Graphic-design software giant Adobe has announced that it has shut down its North American operations for one week in an effort to cut costs and save money. The announcement marks the second time this year that the company has shut up shop for seven days to save money and according to Adobe, it won’t be the last.
Mercury News reports that Adobe previously shut down for a week in April, and in addition to this week's closure, Adobe will close for another week later in the year. These three shutdowns are on top of the the company's usual practice of closing up for the week between Christmas and New Year's Day.
Bloomberg reports that Adobe has asked employees to take a week's paid vacation for this week's shut down although it's still not clear how much the company will save from four weeks of closure. In an interview last April, Chief Executive Officer Mark Garrett revealed to Bloomberg that Adobe had frozen salaries, trimmed bonuses and curbed travel expenses.
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1) a slow economy
2) high U.S. taxes
The only thing I want to force on my fellow Americans is lower taxes.
Taxes may be high, but they're tired of being the universal scapegoat too.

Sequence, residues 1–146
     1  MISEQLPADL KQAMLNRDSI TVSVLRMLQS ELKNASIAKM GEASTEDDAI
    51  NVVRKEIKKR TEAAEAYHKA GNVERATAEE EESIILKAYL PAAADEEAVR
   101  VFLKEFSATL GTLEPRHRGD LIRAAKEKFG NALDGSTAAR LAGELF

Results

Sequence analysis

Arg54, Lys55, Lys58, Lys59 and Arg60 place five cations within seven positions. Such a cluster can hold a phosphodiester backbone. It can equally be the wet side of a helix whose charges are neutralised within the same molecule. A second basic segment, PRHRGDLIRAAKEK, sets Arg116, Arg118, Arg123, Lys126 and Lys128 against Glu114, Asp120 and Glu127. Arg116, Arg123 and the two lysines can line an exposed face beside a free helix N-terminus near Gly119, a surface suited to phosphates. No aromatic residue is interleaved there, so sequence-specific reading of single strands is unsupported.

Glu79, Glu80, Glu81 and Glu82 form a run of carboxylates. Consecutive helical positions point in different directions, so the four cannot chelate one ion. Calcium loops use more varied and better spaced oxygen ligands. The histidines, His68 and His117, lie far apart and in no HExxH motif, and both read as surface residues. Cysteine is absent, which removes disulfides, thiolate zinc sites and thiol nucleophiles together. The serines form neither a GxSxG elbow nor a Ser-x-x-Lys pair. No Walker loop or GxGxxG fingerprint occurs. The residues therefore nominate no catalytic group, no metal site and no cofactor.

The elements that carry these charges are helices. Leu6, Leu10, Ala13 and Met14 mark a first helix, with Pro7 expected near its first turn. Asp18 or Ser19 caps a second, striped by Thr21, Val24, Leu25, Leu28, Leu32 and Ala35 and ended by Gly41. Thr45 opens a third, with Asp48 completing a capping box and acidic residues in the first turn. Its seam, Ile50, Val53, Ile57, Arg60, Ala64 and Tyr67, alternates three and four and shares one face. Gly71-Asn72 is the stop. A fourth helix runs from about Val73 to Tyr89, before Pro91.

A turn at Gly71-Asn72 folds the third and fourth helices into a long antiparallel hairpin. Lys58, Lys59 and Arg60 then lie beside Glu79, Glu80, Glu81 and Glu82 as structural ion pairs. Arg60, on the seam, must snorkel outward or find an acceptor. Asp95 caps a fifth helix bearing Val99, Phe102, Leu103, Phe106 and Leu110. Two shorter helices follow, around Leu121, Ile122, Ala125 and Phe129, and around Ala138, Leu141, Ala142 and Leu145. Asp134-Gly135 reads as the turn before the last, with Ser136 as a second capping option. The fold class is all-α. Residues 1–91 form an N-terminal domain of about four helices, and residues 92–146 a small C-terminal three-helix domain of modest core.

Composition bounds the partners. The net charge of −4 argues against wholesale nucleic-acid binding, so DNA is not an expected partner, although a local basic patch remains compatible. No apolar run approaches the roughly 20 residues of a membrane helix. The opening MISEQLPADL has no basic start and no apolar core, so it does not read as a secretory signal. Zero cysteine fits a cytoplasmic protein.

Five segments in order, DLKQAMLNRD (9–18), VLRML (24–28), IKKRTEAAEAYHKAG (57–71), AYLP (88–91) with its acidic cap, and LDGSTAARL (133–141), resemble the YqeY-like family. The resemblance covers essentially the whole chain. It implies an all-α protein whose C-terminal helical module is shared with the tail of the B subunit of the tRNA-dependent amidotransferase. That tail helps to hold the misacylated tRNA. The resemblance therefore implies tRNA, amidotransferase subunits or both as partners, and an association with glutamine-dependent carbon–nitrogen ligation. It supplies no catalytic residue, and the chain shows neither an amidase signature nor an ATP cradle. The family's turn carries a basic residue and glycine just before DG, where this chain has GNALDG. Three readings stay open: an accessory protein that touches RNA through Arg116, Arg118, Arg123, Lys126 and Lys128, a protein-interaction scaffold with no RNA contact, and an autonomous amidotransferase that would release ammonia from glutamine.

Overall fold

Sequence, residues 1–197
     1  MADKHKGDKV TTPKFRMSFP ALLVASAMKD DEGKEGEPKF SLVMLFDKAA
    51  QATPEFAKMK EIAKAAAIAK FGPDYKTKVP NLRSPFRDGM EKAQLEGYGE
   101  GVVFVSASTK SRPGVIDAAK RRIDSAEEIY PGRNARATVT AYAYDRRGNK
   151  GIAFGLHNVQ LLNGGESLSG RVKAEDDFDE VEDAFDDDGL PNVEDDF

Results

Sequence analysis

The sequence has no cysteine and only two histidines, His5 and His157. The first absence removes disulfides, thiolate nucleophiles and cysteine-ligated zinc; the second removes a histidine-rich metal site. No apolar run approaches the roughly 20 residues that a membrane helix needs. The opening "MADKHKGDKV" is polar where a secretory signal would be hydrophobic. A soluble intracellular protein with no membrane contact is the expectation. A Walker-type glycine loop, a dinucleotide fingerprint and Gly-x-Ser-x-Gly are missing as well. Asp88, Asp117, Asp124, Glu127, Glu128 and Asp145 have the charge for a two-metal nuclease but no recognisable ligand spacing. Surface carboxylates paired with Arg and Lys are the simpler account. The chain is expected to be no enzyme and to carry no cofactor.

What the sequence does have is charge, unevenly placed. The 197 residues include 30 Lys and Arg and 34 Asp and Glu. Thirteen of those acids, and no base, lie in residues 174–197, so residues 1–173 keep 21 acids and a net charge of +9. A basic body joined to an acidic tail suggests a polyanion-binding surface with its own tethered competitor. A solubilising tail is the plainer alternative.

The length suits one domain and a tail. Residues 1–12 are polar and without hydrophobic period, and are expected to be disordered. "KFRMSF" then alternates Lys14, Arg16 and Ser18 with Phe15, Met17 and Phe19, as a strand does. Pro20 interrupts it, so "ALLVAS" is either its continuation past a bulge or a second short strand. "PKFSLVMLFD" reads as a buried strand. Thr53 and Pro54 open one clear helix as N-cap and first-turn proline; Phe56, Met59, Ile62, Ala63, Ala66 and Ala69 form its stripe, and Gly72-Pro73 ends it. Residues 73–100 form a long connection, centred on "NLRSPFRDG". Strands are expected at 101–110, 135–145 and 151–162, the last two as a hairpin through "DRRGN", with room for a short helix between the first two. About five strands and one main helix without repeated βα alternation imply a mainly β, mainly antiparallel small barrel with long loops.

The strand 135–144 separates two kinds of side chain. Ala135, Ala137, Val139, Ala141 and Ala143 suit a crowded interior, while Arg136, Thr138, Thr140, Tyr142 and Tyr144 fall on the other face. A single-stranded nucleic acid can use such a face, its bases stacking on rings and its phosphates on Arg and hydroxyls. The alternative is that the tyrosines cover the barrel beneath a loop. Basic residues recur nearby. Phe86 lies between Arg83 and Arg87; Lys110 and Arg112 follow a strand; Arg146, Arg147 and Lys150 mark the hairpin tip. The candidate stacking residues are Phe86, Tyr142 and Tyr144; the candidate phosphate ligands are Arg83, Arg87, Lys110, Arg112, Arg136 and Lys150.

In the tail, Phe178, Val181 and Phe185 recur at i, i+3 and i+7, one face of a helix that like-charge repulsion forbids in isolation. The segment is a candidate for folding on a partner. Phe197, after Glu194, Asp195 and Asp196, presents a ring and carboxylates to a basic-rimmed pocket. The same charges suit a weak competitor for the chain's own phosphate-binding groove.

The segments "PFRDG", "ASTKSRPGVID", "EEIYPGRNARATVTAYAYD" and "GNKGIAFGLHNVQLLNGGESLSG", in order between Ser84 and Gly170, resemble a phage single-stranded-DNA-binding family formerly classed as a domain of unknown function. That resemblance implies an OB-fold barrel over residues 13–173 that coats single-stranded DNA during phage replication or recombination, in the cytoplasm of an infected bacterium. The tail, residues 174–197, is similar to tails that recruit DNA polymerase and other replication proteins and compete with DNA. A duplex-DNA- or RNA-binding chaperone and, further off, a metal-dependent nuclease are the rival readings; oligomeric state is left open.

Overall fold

While the US has technically has just about the highest corporate tax rates in the industrialized world, sometimes topping 40% due to State and Federal taxes. This can be misleading as the US has an extensive and legal tax sheltering system. You should consider a much more realistic and actually better tool to compare against the rest of the OECD nations the US is 2.2% of total GDP as opposed to 3.4% in other OECD nations. No I must admit my source is not the greatest guy in the world,Igor Greenwald from SmartMoney(pretty much a failed guru) but who got out of the markets before the crashes of the past couple of years. But I have seen these numbers elsewhere...just can't find you any links now to support it...and since comparing one countries tax rates to another really is comparing apples to apple boxes, i think the total GPD is a better way to consider tax burden of corporations when making global tax comparisons...but then i am not in any way a tax-pert, so I might be wrong. I strongly advise only using true financial groups for internet research, as there are many, many "foundations" and "society" that speak out about tax policies, but who are rally nothing more than political groups. I don't trust any politicized group that tries to advertise an agenda at you....look at the guys and gals who make a living making money by working in money systems...they generally, but not always are,to busy to be politicized.And of course, I may be totally wrong about this, and if you have better info, I would be glad to see it.